Reverse Butterfly

Excerpt from “The Cheerful Scapegoat” by Wayne Koestenbaum

Reverse Butterfly

Philadelphia has a largeness that I admire, though I’ve never been to Philadelphia to test my hypothesis about its size.

I prefer keeping my distance from vast cities, because their beauty has the power to revive my fear of lockjaw.

If I were to travel today to Philadelphia, I would experience a reversal. Let me explain the ethics of reversal.

I have taken a stand, in the past, on the ethical necessity of remaining rigid and never altering one’s convictions, even if they are proved wrong. Therefore, within my former system of ethics, to travel today to Philadelphia would involve “reversing my hemispheres,” as the Amherst poet might have put it. And my hemispheres, lethargic, don’t want to reverse.

So today I stay put in Baltimore and avoid the difficult trip north. I amuse myself, meanwhile, by visiting the butterfly collection in the under-appreciated International Gallery of Butterflies, on North Charles Street, in the basement of a building you might have passed many times without realizing that it contained a neglected treasure, a butterfly collection unrivaled in the state of Maryland.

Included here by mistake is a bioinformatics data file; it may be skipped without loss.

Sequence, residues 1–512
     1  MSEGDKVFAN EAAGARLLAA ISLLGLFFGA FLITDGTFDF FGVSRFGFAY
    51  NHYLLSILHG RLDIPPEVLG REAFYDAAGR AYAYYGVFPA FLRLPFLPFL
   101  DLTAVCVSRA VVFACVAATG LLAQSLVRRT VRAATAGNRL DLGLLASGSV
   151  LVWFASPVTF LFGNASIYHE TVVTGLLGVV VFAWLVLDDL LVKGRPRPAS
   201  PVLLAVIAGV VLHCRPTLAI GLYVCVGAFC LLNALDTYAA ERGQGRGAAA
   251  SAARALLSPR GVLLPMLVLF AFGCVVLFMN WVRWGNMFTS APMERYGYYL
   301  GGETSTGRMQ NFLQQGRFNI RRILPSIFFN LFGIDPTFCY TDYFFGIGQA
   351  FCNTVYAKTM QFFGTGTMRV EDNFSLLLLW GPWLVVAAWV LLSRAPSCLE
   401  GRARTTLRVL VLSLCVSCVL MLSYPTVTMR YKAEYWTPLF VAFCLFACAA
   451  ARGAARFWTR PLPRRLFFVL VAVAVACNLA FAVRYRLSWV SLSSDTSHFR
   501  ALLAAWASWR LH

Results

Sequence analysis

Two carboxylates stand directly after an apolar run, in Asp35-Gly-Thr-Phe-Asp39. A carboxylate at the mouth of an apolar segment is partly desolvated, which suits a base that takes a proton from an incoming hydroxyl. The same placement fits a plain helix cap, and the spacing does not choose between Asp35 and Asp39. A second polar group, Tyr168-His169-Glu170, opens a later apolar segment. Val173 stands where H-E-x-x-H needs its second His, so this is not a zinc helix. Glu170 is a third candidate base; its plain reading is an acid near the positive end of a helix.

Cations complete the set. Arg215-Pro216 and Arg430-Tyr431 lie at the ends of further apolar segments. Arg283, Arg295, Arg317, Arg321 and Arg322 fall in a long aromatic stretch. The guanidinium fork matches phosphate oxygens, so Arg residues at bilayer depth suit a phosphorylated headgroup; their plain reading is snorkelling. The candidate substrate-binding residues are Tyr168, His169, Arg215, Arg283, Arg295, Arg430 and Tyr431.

The proprietor of the International Gallery of Butterflies—I’m ashamed to call him the curator, when he is, as well, the guard and janitor and ticket-booth operator and principal fundraiser—wears Diane von Furstenburg “wrap” dresses to work. His choice of costume receives no commen- tary in the press. I aim to reverse that silence—to turn neglect into chatter—by publishing this essay in The Amityville Herald, if the editors will pamper me.

Years ago I met Diane von Furstenberg at a party, when she came to Baltimore for the premiere of an unfinished film by Max Ophuls, Watch Me Strut, which takes place in Baltimore as well as in Anchorage. The flight-to-Eden scenes were filmed in Anchorage. The towering-inferno scenes were filmed in Baltimore. I don’t appear in this movie. When I met Diane von Furstenberg, she congratulated me on my butterfly pin, fastened to my lapel. Her cheekbones were so large and so beautiful that I gave her my butterfly pin, or tried to, as a gift of appreciation. She turned away from me at the moment I was considering offering her the pin; in truth, she turned away from me the moment before I considered offering her the pin.

Excerpted from The Cheerful Scapegoat by Wayne Koestenbaum. Copyright © 2021 by Wayne Koestenbaum. Excerpted by permission of Semiotext(e). All rights reserved.